I was on Radio NZ Nights last night, talking about male privilege, and some other forms of privilege. You can listen to the discussion here: Feminism – Male Privilege.
As usual, I had sent some notes to Bryan Crump before the discussion. I started with a definition of male privilege: social, economic and political advantages or rights that a made available to men solely on the basis of their sex. For background reading, I linked to tigtog’s excellent FAQ at Finally Feminism 101: What is male privilege?.
From there we quickly got onto Barry Deutsch’s male privilege checklist: The Male Privilege Checklist. The conversation segued all over the place from there, including the usual places: women and children first on shipwrecks, the privilege of beauty, and so on.
We didn’t get to John Scalzi’s Straight White Male: The Lowest Difficulty Setting There Is, but Bryan suggested an excellent analogy. He thought that privilege is a bit like cycling with a tail wind. You don’t really notice the assistance at all: you just think that you’re peddling along at great speed.
I had been thinking about a few examples of privilege during the day, in preparation for the talk. I wanted to talk about white privilege, perhaps in connection with Peggy McIntosh’s famous white privilege checklist, but as it turned out, the topic came up in connection with a tweet from Morgan Godfrey that I had seen earlier in the day.
“Maori are bicultural by necessity, would be great if the rest of the country was too…”
I also talked about the planning that women go through about how they will walk home at night, in connection with a conference I am attending this weekend (Kiwi Foo Camp FTW!). I talked about how I had been offered accommodation in town, away from the conference venue, but in order to take it up, I would have to think through how I was going to get from the venue to my accommodation, which routes I would take, and how I could stay safe walking through a suburban street after dark. Bryan suggested that perhaps this on-going safety planning that women do is conditioned into us, in comparison to men feeling much more free to go where and when they will. I agreed that it was likely a matter of conditioning, but that didn’t take away the privilege of having that tailwind of not worrying about it.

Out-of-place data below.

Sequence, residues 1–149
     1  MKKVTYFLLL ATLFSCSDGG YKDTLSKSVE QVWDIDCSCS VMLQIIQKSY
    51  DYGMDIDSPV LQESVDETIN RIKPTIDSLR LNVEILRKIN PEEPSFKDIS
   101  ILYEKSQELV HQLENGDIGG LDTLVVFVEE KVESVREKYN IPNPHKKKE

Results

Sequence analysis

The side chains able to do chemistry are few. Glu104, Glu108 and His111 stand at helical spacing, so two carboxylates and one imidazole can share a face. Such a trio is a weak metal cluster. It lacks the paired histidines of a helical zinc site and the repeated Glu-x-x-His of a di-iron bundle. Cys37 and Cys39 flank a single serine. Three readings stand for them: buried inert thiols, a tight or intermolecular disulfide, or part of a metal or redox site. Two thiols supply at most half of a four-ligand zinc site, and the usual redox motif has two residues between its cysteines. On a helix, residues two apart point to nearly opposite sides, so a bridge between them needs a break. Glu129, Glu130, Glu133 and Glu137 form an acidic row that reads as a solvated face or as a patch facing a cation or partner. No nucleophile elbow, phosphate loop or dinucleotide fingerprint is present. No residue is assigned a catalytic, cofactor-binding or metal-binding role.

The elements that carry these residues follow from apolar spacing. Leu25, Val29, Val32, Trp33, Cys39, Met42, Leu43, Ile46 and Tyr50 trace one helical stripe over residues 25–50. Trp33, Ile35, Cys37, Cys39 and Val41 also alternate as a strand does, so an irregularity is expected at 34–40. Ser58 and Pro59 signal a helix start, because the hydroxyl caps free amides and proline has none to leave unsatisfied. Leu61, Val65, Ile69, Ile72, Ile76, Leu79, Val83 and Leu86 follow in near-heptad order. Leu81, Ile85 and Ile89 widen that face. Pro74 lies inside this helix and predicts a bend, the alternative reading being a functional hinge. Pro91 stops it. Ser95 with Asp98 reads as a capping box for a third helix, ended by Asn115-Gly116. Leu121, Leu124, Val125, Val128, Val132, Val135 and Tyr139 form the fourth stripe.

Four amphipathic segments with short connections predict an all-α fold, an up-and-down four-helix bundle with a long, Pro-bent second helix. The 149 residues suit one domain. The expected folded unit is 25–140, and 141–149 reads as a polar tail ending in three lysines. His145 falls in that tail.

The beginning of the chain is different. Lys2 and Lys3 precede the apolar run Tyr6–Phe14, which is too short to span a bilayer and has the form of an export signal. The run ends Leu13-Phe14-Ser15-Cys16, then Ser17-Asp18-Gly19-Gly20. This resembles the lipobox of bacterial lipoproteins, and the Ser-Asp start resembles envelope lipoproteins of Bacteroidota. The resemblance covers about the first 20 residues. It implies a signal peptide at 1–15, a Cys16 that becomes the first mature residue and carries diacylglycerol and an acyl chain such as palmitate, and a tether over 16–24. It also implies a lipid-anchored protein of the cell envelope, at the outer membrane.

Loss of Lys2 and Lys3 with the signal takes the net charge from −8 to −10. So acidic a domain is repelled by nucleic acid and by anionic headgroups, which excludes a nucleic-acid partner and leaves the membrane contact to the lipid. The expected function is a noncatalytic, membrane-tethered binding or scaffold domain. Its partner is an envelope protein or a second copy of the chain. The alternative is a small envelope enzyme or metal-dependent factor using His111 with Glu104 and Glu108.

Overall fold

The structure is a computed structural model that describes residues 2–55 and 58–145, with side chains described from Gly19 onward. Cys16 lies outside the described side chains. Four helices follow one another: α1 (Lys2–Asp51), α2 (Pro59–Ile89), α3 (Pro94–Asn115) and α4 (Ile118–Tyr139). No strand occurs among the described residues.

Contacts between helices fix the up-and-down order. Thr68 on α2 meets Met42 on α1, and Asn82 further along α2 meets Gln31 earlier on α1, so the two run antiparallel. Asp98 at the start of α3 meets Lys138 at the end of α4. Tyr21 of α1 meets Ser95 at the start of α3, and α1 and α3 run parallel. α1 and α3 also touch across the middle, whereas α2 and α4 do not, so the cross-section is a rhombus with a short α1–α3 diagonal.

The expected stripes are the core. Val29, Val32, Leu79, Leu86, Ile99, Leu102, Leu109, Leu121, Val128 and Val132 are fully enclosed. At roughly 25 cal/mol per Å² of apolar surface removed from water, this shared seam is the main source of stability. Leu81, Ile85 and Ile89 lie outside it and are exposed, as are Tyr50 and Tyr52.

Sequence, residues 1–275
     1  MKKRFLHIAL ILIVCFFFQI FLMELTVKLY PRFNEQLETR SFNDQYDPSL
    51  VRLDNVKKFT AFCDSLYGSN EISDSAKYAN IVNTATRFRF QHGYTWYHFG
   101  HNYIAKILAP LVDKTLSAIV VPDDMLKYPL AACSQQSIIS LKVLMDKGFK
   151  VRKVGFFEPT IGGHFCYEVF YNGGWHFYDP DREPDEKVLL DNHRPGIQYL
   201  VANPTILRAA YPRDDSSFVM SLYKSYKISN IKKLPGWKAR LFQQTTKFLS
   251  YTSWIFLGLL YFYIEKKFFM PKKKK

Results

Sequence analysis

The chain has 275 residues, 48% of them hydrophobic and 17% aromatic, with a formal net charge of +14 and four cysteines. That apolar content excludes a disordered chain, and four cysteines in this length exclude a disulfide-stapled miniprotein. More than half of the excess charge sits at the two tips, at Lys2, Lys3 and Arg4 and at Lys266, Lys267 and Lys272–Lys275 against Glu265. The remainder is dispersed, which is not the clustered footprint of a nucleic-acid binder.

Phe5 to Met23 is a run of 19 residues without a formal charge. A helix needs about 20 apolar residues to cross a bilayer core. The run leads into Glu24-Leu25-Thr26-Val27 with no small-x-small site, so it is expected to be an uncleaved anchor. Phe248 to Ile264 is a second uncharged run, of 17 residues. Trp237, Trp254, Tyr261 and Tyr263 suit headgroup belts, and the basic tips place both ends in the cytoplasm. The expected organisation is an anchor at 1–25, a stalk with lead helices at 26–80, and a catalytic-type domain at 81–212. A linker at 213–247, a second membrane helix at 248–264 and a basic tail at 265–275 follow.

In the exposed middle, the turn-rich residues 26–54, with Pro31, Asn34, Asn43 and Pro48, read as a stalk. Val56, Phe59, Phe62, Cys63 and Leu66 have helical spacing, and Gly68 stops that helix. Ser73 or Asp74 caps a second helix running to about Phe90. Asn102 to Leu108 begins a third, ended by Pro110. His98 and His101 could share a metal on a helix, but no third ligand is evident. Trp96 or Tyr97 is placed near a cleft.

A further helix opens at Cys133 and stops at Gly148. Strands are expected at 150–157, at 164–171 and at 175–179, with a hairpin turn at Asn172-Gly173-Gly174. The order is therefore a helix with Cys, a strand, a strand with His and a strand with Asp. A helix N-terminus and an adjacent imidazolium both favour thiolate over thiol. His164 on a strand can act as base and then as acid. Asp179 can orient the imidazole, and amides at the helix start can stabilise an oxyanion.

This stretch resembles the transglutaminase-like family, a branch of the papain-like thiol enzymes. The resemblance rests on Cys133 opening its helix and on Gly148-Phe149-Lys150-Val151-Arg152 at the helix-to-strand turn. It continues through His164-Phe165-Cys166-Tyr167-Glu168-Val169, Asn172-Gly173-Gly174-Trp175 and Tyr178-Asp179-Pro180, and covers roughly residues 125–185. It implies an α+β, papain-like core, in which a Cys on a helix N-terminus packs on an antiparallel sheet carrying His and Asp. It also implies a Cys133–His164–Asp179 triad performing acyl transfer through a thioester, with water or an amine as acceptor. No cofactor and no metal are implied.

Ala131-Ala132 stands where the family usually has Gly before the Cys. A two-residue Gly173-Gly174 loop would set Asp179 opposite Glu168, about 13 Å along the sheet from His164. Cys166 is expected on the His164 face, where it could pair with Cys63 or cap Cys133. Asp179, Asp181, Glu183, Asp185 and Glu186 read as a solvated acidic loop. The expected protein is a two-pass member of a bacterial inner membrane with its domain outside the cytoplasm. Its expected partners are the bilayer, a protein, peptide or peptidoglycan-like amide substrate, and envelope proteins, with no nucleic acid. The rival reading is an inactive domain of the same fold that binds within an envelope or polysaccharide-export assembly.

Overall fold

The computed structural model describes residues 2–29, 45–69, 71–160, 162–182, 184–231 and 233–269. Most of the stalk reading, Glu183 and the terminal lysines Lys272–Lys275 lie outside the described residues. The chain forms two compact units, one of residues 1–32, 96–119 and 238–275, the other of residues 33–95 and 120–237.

Some other examples I had in mind but didn’t have the opportunity to mention:
– As a heterosexual woman, I enjoy the privilege of walking down the street holding my husband’s hand and not giving it a second thought, but a gay man would need to go through a process of checking his surroundings, checking who else was about, thinking about whether he and his husband were safe from attack before they could do such a thing, and possibly (probably, alas, in far too many streets in New Zealand) choose not to express their companionship by such a simple action.
– As an able bodied woman, I never, ever have to plan my routes around campus, or go around to a different entrance to a building, or ask for assistance from complete strangers to get up and down steps, whereas many disabled people have to go through these calculations every time they leave their home.
We talked a bit about privilege being a matter of context – a person can be privileged in some aspects of their lives, but not in others. That’s certainly my personal experience, and I know that many straight white men nevertheless experience real difficulty in other aspects of their lives. But really, see The Lowest Difficulty Setting.
A final note: as ever, a white person writing about white privilege and a man writing about male privilege are given far more credence than a black person or a woman writing about the same topics. As indeed, a white New Zealander talking about Pakeha privilege on Radio NZ might just be given far more credence than a Maori New Zealander talking about it…